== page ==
Commercial real estate VS Residential
Commercial real estate can be defined in many ways, but simply put, it is any type of property primarily owned to generate income. In contrast, residential property is owned primarily for occupancy. For example, a single-family house would be considered residential real estate, even if the owner is renting it out and therefore generating income from it. Real estate is not considered ‘commercial’ real estate until it reaches a certain scale. For instance, office buildings, warehouses that store shipping goods, and apartment buildings (i.e., multi-family properties) are examples of commercial real estate. Office, hotels, and retail shopping centers are also considered commercial property.
Types of Industrial Commercial Real Estate
The industrial sector includes warehousing, as well as light manufacturing uses and heavy manufacturing uses with three-phase or four-phase power. A heavy manufacturing industrial building might have rail lines running through the property, multiple overhead cranes, and other types of heavy equipment, whereas a light manufacturing industrial building might just be a warehouse that holds clean, packaged goods.
- Flex/Office/Light Manufacturing
- Industrial Outdoor Storage
- Refrigerated Storage
- Railway/3-4 Phase 480V power/ other specialty
Investing in Industrial and Warehouse Real Estate
Personally, I am an investor in commercial real estate—specifically industrial and warehouse real estate. I own a couple of buildings around Dallas/Fort Worth, and managing them has taught me a lot about what it’s like to actually be an investor and own properties. I am very bullish on this asset class, just from the macroeconomics alone. Through COVID-19, the demand for shipping and warehousing space has increased as more people have been buying and ordering goods online. I believe that the increased penetration of online shipping is going to lead to a permanent increase in demand for all types of a warehouse. Specifically, my properties focus on tenants "who build and maintain the physical world." This can be a concrete cutting company, commercial roofers, plumbers, and anyone involved in physical utilities, etc. These tenants present a strong industry for growth and reliable rent payments.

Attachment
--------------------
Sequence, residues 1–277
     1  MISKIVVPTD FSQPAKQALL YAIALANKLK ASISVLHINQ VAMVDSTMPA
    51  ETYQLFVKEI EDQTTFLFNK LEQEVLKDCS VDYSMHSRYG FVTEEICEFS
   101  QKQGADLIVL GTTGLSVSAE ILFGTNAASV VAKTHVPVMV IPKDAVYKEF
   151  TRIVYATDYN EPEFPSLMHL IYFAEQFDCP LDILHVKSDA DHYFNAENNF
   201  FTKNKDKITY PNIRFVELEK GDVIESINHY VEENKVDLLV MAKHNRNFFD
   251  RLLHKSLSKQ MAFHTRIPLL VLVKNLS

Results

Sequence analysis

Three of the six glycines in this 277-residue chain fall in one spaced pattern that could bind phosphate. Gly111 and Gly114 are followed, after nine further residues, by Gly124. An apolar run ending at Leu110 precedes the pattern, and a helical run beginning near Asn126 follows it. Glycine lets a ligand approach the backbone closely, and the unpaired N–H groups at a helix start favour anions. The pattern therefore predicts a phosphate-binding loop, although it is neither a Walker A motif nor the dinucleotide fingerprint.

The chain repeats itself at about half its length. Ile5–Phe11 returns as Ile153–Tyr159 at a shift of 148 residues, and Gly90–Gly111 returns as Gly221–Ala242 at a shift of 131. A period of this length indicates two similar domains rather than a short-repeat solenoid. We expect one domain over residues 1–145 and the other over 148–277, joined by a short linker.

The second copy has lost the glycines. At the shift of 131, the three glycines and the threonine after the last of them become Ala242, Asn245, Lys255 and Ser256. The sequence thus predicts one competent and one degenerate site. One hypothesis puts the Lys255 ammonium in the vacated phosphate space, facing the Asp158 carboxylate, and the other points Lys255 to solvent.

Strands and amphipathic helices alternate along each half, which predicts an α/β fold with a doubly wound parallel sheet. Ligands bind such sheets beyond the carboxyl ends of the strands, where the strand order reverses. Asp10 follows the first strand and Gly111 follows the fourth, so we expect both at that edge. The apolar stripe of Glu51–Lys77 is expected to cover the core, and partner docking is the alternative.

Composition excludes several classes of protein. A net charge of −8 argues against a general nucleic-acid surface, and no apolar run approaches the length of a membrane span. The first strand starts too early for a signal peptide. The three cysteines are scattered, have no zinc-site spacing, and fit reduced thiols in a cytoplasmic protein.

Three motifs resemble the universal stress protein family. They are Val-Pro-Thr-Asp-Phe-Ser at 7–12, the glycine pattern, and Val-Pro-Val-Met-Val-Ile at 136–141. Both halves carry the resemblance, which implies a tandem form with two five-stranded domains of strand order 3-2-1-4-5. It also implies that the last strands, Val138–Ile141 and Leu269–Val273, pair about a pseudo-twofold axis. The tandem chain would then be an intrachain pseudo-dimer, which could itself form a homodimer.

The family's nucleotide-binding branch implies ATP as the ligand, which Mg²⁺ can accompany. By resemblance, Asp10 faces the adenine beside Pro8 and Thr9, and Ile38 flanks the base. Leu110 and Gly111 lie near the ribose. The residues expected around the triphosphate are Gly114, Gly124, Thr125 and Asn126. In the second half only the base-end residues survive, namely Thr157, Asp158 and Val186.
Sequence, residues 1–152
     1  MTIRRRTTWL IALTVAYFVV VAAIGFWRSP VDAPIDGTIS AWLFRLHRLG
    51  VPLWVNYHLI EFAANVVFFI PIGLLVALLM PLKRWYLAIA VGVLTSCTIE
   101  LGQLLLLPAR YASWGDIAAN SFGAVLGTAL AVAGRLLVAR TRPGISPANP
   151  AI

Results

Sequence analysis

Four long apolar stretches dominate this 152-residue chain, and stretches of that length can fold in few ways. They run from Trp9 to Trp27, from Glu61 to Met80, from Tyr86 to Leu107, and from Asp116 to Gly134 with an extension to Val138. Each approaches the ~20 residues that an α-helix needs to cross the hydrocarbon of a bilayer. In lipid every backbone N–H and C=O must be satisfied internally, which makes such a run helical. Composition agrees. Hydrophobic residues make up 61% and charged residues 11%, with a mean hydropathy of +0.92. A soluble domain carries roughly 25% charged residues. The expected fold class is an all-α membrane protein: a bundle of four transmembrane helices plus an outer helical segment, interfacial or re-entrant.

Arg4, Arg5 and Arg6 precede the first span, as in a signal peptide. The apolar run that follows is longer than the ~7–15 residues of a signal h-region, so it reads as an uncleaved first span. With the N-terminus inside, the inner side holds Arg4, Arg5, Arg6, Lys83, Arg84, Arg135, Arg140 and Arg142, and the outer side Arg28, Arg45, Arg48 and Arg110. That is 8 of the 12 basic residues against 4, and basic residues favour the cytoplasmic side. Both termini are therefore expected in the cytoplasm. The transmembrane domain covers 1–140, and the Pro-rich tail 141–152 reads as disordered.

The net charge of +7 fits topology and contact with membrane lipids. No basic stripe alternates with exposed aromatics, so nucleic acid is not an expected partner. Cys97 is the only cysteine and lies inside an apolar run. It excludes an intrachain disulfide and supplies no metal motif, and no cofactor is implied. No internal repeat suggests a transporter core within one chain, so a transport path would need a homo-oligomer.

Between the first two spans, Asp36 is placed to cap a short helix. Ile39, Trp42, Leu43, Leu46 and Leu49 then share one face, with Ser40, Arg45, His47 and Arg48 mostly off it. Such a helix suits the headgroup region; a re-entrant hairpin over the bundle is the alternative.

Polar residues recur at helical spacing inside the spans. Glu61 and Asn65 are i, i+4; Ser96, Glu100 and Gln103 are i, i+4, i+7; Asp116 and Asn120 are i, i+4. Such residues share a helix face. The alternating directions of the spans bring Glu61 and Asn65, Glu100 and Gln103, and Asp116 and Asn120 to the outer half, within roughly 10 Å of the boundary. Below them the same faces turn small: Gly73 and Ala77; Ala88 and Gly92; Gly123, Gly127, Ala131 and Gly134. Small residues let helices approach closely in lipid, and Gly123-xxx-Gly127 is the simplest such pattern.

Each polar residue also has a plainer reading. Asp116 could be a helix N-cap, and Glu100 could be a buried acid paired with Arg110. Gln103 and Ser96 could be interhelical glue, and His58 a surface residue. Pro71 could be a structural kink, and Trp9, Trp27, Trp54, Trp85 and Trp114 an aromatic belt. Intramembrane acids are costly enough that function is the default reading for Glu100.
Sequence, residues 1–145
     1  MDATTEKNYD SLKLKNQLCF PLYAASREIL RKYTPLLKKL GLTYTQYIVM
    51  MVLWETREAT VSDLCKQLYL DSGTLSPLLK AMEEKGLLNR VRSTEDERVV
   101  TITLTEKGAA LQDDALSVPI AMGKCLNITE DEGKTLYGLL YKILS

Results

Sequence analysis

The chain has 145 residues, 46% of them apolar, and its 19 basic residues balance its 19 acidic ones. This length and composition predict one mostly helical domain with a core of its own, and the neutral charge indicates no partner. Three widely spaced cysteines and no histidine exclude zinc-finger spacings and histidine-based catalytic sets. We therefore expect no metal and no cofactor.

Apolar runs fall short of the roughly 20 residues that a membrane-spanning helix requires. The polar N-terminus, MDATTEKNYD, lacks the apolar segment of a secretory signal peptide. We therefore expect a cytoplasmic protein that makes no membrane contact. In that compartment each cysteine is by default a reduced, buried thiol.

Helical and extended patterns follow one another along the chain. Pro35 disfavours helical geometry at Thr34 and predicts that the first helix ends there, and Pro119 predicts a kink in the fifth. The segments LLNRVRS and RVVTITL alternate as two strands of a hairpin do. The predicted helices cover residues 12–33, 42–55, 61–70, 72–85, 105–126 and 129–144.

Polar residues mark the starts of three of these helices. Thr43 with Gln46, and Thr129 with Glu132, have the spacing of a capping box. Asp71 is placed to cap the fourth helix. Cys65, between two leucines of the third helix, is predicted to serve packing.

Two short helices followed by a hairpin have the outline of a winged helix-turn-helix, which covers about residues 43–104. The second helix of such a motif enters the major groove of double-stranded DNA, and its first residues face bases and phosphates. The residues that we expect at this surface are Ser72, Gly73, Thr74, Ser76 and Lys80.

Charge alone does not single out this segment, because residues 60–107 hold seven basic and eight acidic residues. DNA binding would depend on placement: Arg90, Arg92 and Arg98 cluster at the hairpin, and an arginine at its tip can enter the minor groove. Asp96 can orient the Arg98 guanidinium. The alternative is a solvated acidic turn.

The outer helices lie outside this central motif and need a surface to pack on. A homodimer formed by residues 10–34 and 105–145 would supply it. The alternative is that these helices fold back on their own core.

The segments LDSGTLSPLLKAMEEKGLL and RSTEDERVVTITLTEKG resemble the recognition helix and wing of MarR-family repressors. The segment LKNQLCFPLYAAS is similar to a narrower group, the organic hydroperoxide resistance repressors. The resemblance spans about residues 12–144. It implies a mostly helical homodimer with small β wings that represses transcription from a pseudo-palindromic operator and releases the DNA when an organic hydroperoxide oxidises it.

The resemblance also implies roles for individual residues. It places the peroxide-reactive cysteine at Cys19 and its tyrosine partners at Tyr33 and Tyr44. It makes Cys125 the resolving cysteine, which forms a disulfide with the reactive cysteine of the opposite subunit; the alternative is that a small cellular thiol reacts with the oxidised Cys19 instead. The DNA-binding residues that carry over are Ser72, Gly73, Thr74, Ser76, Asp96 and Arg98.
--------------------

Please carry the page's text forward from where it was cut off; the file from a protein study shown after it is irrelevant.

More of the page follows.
Impact of Growth of E-Commerce on rest of industry
The general thesis for industrial and warehouse is that the population is going to continue to grow, and a percentage of the population is going to continue to order and fulfill goods online with a decline of retail space. For every square foot of retail lost, three square feet of a warehouse is needed in order to compensate for it.
For anyone who agrees that the demand for online goods will continue, industrial and warehouse real estate represents an outsized return in the commercial real estate market. While most buyers won't be purchasing or leasing to distributors such as Amazon, FedEx, etc. The increased demand from those tenants necessarily pushes other tenants into fewer choices for suitable lease spaces.
Actual Investor Returns from Industrial Real Estate Investments
The process for determining which asset class or submarket to invest in is always the same, although investment goals and results will differ. I will recommend industrial to an investor who wants a stable place to earn five to eleven percent cash on cash return, and a 25 to 30 percent internal rate of return (IRR) upon exit, long leases with strong credit tenants, and rent increases over time. This investment strategy doesn’t require a lot of decision-making, capital improvements, or risk-taking in the interim, which is why I often recommend industrial to this type of investor. For investors who want to complete a transaction in two years and make more money, other solutions within the commercial real estate may help them achieve those goals.
For more information on Commercial And Industrial Real Estate, an initial consultation is your next best step. Get the information and legal answers you are seeking by calling (972) 619 9903 today.
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